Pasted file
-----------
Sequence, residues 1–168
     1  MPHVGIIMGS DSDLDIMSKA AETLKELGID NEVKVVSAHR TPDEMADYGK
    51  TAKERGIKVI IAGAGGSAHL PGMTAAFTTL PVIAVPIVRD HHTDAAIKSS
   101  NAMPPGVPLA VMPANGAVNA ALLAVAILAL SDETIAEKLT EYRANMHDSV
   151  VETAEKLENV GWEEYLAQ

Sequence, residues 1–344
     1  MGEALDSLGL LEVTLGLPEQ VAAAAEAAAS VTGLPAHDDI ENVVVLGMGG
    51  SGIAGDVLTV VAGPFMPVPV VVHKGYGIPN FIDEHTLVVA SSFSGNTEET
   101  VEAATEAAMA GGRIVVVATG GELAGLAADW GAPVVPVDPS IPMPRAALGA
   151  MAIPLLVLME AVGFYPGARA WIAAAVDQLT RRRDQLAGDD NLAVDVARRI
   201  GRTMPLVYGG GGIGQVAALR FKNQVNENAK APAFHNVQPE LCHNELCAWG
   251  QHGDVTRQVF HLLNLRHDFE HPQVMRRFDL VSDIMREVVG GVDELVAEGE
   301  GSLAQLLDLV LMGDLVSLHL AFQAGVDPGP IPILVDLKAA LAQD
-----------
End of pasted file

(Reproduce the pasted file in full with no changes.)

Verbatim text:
Sequence, residues 1–168
     1  MPHVGIIMGS DSDLDIMSKA AETLKELGID NEVKVVSAHR TPDEMADYGK
    51  TAKERGIKVI IAGAGGSAHL PGMTAAFTTL PVIAVPIVRD HHTDAAIKSS
   101  NAMPPGVPLA VMPANGAVNA ALLAVAILAL SDETIAEKLT EYRANMHDSV
   151  VETAEKLENV GWEEYLAQ

Sequence, residues 1–344
     1  MGEALDSLGL LEVTLGLPEQ VAAAAEAAAS VTGLPAHDDI ENVVVLGMGG
    51  SGIAGDVLTV VAGPFMPVPV VVHKGYGIPN FIDEHTLVVA SSFSGNTEET
   101  VEAATEAAMA GGRIVVVATG GELAGLAADW GAPVVPVDPS IPMPRAALGA
   151  MAIPLLVLME AVGFYPGARA WIAAAVDQLT RRRDQLAGDD NLAVDVARRI
   201  GRTMPLVYGG GGIGQVAALR FKNQVNENAK APAFHNVQPE LCHNELCAWG
   251  QHGDVTRQVF HLLNLRHDFE HPQVMRRFDL VSDIMREVVG GVDELVAEGE
   301  GSLAQLLDLV LMGDLVSLHL AFQAGVDPGP IPILVDLKAA LAQD